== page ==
The universe where this happens, however, is a complete disaster: Causality may not technically be violated as it leaps from one spacetime to another, but from a local perspective it’s shredded into pieces. The solar system becomes filled with nonsensical events that we can’t really comprehend: Revolutions are thwarted before they started, but then instantly won by time-traveling revolutionaries who blah blah blah, my brain hurts.

Interesting thought experiment, though: What does the universe where Alice the Murderer zoomed off at FTL speeds look like? Well, in that universe she simply disappears the minute she turns around and violates causality (having skipped into a different universe where her return isn’t an immediate paradox). In this scenario you might actually end up with a very large number of universes which this causality-violating Alice simply “skips through” creating ghostly, quantum-froth blips as she sequentially violates causality in one after another. (Once again, we could hand-wave violently and pretend these causality-busting events are happening around us all the time and are the source of dark energy or quantum manifestations or any number of things.)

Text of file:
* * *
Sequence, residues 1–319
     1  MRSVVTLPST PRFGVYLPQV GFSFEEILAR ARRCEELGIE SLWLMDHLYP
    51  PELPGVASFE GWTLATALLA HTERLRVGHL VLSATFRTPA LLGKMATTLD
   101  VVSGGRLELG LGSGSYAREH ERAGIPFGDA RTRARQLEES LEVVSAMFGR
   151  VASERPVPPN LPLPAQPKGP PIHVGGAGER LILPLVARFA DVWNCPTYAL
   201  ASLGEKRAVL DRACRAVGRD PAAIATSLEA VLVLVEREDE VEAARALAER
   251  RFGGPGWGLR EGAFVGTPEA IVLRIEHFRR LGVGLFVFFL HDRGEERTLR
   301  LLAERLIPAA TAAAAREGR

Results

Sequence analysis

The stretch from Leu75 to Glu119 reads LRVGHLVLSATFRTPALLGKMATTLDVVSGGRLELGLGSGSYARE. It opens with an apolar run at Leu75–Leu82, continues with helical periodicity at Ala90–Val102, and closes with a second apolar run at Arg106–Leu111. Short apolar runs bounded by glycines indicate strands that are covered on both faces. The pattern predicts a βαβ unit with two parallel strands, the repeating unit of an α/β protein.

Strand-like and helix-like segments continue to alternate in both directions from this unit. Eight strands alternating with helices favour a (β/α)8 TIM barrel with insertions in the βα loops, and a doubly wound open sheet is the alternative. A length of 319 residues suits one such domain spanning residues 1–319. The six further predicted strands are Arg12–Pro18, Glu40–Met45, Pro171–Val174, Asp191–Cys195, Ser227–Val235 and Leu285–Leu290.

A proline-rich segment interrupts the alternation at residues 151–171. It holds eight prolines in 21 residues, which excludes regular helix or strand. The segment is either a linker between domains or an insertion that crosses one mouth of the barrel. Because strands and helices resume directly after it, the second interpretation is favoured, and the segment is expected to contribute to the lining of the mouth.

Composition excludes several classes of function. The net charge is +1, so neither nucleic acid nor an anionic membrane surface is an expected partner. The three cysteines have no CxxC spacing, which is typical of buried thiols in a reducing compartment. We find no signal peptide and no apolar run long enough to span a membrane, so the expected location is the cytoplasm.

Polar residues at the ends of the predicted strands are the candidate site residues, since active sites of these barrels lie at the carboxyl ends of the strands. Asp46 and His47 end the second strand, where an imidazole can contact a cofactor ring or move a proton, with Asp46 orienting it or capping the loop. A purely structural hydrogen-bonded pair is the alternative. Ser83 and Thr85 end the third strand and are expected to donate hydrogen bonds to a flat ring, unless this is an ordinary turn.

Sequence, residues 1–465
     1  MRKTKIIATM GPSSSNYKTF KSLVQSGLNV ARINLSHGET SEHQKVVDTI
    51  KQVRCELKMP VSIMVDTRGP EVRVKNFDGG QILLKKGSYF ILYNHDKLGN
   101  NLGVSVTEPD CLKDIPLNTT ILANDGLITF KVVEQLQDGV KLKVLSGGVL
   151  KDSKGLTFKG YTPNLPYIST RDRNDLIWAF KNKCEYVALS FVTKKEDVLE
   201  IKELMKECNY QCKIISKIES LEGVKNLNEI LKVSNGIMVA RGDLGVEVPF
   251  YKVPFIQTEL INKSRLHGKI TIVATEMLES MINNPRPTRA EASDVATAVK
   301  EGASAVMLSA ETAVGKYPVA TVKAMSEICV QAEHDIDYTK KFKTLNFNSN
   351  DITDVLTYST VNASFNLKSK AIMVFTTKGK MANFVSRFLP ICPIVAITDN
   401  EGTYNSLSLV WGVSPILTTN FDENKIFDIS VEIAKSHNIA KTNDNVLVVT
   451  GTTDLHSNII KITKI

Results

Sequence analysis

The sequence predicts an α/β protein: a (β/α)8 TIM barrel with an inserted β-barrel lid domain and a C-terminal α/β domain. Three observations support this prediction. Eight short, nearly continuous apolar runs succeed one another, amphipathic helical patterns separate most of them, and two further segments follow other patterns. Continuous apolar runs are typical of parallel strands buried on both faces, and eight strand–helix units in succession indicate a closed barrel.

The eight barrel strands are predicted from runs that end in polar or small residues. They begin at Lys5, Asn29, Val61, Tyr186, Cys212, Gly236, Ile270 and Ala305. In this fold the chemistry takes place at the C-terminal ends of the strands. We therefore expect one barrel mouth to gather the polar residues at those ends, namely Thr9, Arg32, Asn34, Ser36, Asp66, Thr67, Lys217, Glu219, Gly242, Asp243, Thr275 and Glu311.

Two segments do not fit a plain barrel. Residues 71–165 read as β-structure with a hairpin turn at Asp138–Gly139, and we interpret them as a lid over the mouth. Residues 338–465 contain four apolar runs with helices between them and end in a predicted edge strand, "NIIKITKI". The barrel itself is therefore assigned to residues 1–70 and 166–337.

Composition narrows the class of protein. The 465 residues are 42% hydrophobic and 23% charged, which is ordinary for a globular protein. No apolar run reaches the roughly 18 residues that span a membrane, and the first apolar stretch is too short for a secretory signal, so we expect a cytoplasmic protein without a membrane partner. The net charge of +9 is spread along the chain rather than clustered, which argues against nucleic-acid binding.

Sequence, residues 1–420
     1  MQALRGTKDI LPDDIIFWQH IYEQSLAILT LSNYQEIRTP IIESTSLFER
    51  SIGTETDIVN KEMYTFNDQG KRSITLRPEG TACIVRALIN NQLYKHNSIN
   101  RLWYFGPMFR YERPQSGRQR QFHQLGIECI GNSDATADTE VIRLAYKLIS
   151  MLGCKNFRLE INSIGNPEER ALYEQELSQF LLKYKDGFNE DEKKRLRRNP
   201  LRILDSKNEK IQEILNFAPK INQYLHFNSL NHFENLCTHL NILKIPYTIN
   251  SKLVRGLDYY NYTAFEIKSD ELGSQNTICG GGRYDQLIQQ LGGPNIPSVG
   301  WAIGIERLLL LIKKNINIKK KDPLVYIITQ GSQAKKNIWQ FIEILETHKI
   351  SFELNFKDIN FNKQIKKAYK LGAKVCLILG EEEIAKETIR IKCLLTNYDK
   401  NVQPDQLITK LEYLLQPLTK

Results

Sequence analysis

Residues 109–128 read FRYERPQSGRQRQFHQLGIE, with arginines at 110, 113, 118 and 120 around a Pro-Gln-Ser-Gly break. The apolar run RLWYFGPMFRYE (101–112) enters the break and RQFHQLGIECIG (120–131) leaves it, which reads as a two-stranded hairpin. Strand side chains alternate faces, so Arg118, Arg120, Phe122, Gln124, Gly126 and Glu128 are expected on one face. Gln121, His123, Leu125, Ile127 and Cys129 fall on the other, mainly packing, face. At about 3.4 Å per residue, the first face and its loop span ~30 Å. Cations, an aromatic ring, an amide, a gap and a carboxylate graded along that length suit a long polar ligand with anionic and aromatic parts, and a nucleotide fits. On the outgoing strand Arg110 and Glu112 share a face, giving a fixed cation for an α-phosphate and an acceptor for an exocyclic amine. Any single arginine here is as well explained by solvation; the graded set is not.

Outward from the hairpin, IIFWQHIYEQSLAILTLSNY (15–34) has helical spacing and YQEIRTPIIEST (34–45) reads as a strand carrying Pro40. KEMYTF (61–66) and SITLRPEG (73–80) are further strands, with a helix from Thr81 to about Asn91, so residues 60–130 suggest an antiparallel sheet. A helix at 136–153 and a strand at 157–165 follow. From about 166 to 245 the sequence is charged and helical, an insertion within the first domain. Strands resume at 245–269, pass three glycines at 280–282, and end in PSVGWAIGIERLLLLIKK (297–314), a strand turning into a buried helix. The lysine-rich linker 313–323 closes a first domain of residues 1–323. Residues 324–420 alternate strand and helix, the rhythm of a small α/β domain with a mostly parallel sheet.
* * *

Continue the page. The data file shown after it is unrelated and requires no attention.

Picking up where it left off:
But here’s the important bit: In the universe where we sent Alice away at FTL speeds, she simply vanishes and we will never see her again. If she turns around and tries to come back, she (and anyone else trying that stunt) will vanish into an alternate dimension never to be seen again.

In the Eclipse Phase universe, though, we’ve been doing this for awhile now: We send Alice out at FTL speeds through the Pandora Gates and we bring Alice back at FTL speeds through the Pandora Gates. Everything seems fine. But then we crack the science and discover that Alice can’t come back: When she comes back, she flips out of this dimension and is never seen again.

But if Alice can’t come back… who the hell is the “Alice” who came back through the Gate? What the hell is the Alice who came back through the Gate?

Eclipse Phase: Gatecrashing